This is what the LORD says: "About midnight I will go throughout Egypt. Every firstborn son in Egypt will die, from the firstborn son of Pharaoh, who sits on the throne, to the firstborn of the slave girl, who is at her hand mill, and all the firstborn of the cattle as well. There will be loud wailing throughout Egypt—worse than there has ever been or ever will be again.
Ain't that the truth. Even Yahweh says there will be a "loud wailing throughout Egypt—worse than there has ever been or ever will be again." Yet not one Egyptian scribe thought to jot this down? Even if they changed the reason for this happening-how on earth could they just ignore even mentioning it happend at all? Where is the archeological evidence of the complete collapse of Egypt after millions of men and cattle dropped dead all of a sudden? Where are the mass burials, not just of the millions of dead, but of the countless to follow from widespread disease and famine? And this doesn't even include the devastation leading up to this from all the other plagues. From one end of the Nile to the other Egyptians would have woken up as well to a population now overwhelmingly female- is there any evidence of this? How would this affect birth rates going forward where the women outnumber the men 3 or 4 to 1 if not more? Given such wanton destruction it's a wonder Egyptian history did not effectively end right then and there, yet at best we would witness the greatest collapse of an advanced nation in the history of man. But it didn't. In fact, no one even seemed to notice these millions of living things died and Egypt just went on its merry way completely oblivious to these events. And you speak of "credible"? How about we just stick to reality.
As a few asides, the Hebrews are supposedly the slaves yet he also kills the first born of the slave girls? Hmm. That sucks. Also, Yahweh is supposedly the creator of the universe yet he needs the Hebrews to put lamb's blood on their doors so He does not mistake them for Egyptians and kill their first born as well. The all seeing all knowing God, creator of the universe and man, needs a sign on the front door to know who is who. I'm sorry, but this is just stupid. Also, so after this happens pharoah is mad and sad because he thinks he might be next. Forget about the millions of dead and the complete collapse of his nation. He then of course tells the Hebrews they can leave yet again and of course yet again pharaoh changes his mind. Yahweh just killed millions of your people and cattle and yet once again you change your mind and decide to yet again go against the will of a supernatural being who could do such things? Oh, but God "hardened the pharaoh's heart" that made him keep doing the same stupid thing over again. If one actually reads the tale of Exodus, it is moronic.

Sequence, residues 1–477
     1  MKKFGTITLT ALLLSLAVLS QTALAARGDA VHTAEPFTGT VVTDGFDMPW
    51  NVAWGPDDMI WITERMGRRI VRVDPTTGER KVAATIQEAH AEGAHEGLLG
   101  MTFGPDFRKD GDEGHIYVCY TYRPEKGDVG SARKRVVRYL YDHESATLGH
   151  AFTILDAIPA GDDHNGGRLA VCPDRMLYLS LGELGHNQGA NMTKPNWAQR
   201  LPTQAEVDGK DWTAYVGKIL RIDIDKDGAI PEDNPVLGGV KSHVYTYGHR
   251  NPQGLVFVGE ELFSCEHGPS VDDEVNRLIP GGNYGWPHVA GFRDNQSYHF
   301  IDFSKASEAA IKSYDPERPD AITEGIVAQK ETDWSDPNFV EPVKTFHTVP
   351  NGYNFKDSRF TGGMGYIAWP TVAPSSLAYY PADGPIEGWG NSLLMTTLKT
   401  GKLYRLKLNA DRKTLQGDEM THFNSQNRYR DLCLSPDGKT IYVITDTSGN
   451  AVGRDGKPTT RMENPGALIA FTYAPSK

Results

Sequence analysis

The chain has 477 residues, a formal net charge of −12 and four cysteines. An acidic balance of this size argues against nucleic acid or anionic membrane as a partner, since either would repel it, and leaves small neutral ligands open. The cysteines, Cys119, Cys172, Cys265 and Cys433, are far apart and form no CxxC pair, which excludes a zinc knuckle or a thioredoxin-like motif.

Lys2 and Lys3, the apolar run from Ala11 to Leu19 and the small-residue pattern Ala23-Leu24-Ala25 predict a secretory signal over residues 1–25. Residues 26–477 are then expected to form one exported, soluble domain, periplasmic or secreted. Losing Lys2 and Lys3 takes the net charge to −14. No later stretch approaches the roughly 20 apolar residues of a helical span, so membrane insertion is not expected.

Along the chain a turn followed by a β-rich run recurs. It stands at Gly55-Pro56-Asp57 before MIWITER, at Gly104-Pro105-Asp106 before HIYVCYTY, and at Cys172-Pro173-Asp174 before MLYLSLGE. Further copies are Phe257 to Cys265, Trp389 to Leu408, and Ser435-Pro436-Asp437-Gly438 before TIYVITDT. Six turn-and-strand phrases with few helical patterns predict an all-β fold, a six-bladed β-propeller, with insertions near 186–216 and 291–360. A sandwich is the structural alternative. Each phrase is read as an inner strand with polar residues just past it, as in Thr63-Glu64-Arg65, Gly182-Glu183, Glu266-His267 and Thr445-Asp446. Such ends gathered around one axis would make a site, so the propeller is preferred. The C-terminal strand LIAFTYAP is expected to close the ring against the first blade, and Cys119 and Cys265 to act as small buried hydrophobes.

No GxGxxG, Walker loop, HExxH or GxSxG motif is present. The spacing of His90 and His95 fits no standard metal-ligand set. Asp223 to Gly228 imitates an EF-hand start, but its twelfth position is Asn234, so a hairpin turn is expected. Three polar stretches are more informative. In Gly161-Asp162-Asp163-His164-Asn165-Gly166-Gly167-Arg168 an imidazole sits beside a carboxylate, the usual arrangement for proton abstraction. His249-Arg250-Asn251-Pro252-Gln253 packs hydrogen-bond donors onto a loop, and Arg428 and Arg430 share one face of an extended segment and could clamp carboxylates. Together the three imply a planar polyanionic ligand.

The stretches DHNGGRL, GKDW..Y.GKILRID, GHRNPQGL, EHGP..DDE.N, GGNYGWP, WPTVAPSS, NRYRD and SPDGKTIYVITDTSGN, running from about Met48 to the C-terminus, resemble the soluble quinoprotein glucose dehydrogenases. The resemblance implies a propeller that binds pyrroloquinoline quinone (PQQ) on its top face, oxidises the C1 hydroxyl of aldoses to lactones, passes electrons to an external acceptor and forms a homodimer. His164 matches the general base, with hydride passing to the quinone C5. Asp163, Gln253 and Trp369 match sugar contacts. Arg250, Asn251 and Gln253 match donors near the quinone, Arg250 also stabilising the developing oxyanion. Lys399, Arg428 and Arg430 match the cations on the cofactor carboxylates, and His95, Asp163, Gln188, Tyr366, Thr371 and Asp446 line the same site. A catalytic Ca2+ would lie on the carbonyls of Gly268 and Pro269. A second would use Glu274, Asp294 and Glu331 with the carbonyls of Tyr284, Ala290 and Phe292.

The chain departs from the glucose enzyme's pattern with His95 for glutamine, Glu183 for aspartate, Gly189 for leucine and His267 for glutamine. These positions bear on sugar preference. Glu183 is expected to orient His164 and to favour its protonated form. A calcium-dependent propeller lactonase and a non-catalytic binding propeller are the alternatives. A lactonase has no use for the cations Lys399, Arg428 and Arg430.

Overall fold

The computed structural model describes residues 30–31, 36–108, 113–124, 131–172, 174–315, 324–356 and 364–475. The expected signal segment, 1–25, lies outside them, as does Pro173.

> Furthermore, you confirm your assumptions about
> cultural diffusionism based on minor simularities
> within the stories
Minor? Gee, I don't know, but I think the utterly complete omission from the older Mesopotamian Flood myths, for example, of the Hebrew God Yahweh is hardly "minor". I find it quite major actually so much so that it would seem proof positive this God did not exist nor did he have anything to do with these events. Which historically He did not when these stories were written regardless.
The diffusion of cultures in the Near East is hardly an "assumption". Near East history 101 I'm afraid.
> and the circumstances of
> proximity while ignoring the vast cultural and
> cosmological differences contained within.
"Cosmological differences"? Sounds impressive. "Vast cultural differences"? Oh my. Please give examples of each for example in the Flood myths of the Bible compared to the Mesopotamian tales? I have given you a link for a head start.
> You obviously have invested a lot in your
> conclusion and are intemperate of challenges.
I see. So for someone to challenge your interpretation of Biblical history means they must have an axe to grind against Christianity and if one rejects your beliefs, based on faith not fact, then this must mean this is the result of being "intemperate" of challenges to their own view. Yes, of course the problem must be me.
Edited 6 time(s). Last edit at 02-Jan-18 22:02 by Thanos5150.